An enterprise wants to use a third-party SaaS application. The SaaS application needs to have access to issue
several API commands to discover Amazon EC2 resources running within the enterprise’s account Theenterprise has internal security policies that require any outside access to their environment must conform to
the principles of least privilege and there must be controls in place to ensure that the credentials used by the
SaaS vendor cannot be used by any other third party. Which of the following would meet all of these
From the AWS Management Console, navigate to the Security Credentials page and retrieve the access
and secret key for your account.
Create an IAM user within the enterprise account assign a user policy to the IAM user that allows only the
actions required by the SaaS application create a new access and secret key for the user and provide these
credentials to the SaaS provider.
Create an IAM role for cross-account access allows the SaaS provider’s account to assume the role and
assign it a policy that allows only the actions required by the SaaS application.
Create an IAM role for EC2 instances, assign it a policy that allows only the actions required tor the Saas
application to work, provide the role ARM to the SaaS provider to use when launching their application
Granting Cross-account Permission to objects It Does Not Own
In this example scenario, you own a bucket and you have enabled other AWS accounts to upload objects. That
is, your bucket can have objects that other AWS accounts own.
Now, suppose as a bucket owner, you need to grant cross-account permission on objects, regardless of who
the owner is, to a user in another account. For example, that user could be a billing application that needs to
access object metadata. There are two core issues:
The bucket owner has no permissions on those objects created by other AWS accounts. So for the bucket
owner to grant permissions on objects it does not own, the object owner, the AWS account that created the
objects, must first grant permission to the bucket owner. The bucket owner can then delegate those
Bucket owner account can delegate permissions to users in its own account but it cannot delegate permissions
to other AWS accounts, because cross-account delegation is not supported.
In this scenario, the bucket owner can create an AWS Identity and Access Management (IAM) role with
permission to access objects, and grant another AWS account permission to assume the role temporarily
enabling it to access objects in the bucket.
Background: Cross-Account Permissions and Using IAM Roles
IAM roles enable several scenarios to delegate access to your resources, and cross-account access is one of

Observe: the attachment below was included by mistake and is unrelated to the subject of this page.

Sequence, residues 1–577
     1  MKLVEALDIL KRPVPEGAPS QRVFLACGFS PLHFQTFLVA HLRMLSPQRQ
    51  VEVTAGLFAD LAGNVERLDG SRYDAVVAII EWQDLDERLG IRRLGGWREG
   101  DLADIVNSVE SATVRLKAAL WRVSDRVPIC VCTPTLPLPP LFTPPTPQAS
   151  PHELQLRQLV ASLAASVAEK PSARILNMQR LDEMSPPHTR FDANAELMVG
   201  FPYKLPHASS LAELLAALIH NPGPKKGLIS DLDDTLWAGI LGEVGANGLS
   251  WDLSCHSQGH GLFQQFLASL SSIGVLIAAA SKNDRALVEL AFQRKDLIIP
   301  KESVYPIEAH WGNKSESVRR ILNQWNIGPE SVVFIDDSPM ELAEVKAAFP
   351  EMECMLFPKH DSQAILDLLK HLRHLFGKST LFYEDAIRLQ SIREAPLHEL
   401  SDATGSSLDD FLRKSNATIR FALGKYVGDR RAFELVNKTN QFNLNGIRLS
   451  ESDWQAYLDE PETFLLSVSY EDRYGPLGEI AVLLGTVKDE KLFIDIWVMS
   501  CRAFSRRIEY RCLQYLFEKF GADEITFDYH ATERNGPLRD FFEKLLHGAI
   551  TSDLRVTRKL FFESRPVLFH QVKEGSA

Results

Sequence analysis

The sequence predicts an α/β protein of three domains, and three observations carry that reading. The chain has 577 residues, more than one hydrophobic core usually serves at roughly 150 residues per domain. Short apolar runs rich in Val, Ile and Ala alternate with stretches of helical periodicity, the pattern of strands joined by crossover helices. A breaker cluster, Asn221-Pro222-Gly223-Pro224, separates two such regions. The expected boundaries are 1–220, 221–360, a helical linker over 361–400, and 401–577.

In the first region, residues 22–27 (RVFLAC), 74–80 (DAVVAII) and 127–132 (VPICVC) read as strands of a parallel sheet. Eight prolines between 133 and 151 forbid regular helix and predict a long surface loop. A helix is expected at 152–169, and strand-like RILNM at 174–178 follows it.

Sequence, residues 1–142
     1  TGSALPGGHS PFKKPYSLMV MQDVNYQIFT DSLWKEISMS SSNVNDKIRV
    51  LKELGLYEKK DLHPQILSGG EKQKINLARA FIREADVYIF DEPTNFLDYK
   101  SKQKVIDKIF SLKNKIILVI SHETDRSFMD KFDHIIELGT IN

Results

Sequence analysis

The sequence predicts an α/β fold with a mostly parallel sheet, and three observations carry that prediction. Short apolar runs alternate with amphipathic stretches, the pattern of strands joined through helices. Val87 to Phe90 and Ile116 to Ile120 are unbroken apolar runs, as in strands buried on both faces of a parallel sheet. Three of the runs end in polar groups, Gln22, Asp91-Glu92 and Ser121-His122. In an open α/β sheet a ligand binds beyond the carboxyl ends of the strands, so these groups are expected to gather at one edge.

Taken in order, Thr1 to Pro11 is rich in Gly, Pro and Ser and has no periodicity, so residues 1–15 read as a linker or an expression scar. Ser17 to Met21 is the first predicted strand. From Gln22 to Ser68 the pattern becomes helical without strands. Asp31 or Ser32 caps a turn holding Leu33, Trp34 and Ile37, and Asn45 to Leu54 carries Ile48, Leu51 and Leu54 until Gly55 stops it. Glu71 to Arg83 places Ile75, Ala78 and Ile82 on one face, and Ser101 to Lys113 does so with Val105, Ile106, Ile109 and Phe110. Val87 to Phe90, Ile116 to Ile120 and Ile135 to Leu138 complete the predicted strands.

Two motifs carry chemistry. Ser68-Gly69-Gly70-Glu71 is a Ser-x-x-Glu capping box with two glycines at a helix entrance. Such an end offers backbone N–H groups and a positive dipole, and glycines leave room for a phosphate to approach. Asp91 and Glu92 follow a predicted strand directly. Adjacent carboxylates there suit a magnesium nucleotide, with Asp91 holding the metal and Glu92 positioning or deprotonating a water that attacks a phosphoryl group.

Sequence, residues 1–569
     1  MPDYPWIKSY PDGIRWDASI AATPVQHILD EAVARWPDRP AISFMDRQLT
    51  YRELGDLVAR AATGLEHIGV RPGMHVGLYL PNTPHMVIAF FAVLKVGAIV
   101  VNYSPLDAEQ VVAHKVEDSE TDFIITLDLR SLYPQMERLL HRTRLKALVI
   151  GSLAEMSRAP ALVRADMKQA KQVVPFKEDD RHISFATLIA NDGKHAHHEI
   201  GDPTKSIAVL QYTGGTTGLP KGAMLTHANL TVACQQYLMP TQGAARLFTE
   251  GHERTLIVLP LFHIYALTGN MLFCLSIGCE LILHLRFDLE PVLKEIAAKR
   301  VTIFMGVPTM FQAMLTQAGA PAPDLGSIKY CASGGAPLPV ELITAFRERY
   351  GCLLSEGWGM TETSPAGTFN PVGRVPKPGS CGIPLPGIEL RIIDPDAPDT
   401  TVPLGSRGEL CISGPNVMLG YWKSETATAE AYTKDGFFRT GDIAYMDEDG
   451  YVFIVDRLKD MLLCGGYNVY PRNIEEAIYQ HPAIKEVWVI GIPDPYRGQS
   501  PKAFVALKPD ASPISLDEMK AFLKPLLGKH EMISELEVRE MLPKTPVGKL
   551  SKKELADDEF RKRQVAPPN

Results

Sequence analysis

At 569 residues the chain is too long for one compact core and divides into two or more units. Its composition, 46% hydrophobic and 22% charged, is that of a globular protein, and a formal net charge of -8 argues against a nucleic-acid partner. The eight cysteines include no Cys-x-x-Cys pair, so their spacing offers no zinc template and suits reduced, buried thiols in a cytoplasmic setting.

the key scenarios. In this example, the bucket owner, Account A, uses an IAM role to temporarily delegate
object access cross-account to users in another AWS account, Account C. Each IAM role you create has two
policies attached to it:
A trust policy identifying another AWS account that can assume the role.
An access policy defining what permissions—for example, s3:GetObject—are allowed when someone assumes
the role. For a list of permissions you can specify in a policy, see Specifying Permissions in a Policy.
The AWS account identified in the trust policy then grants its user permission to assume the role. The user can
then do the following to access objects:
Assume the role and, in response, get temporary security credentials.
Using the temporary security credentials, access the objects in the bucket.
For more information about IAM roles, go to Roles (Delegation and Federation) in IAM User Guide.
The following is a summary of the walkthrough steps:
Account A administrator user attaches a bucket policy granting Account B conditional permission to upload
Account A administrator creates an IAM role, establishing trust with Account C, so users in that account can
access Account A. The access policy attached to the role limits what user in Account C can do when the user
accesses Account A.
Account B administrator uploads an object to the bucket owned by Account A, granting full-control permission
to the bucket owner.
Account C administrator creates a user and attaches a user policy that allows the user to assume the role.
User in Account C first assumes the role, which returns the user temporary security credentials. Using those
temporary credentials, the user then accesses objects in the bucket.
For this example, you need three accounts. The following table shows how we refer to these accounts and the
administrator users in these accounts. Per IAM guidelines (see About Using an Administrator User to Create
Resources and Grant Permissions) we do not use the account root credentials in this walkthrough. Instead, you
create an administrator user in each account and use those credentials in creating resources and granting them